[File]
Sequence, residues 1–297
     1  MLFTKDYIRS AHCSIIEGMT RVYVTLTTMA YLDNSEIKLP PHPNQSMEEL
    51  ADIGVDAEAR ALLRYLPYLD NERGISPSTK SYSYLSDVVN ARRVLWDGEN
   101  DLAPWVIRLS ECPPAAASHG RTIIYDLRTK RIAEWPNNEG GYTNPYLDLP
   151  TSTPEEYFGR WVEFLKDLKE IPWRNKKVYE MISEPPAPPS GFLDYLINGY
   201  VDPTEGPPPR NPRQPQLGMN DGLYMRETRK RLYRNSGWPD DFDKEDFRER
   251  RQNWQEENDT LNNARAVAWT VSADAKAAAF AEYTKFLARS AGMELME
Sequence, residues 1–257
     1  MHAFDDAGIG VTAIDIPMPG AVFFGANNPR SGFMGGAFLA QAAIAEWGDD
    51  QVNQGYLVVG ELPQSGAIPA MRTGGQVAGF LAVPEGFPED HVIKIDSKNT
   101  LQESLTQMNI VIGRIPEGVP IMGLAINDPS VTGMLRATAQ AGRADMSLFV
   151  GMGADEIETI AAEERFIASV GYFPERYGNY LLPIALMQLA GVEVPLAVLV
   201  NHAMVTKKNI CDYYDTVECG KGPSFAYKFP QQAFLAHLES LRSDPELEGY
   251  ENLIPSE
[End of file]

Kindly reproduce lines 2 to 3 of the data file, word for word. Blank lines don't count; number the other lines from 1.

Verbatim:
     1  MLFTKDYIRS AHCSIIEGMT RVYVTLTTMA YLDNSEIKLP PHPNQSMEEL
    51  ADIGVDAEAR ALLRYLPYLD NERGISPSTK SYSYLSDVVN ARRVLWDGEN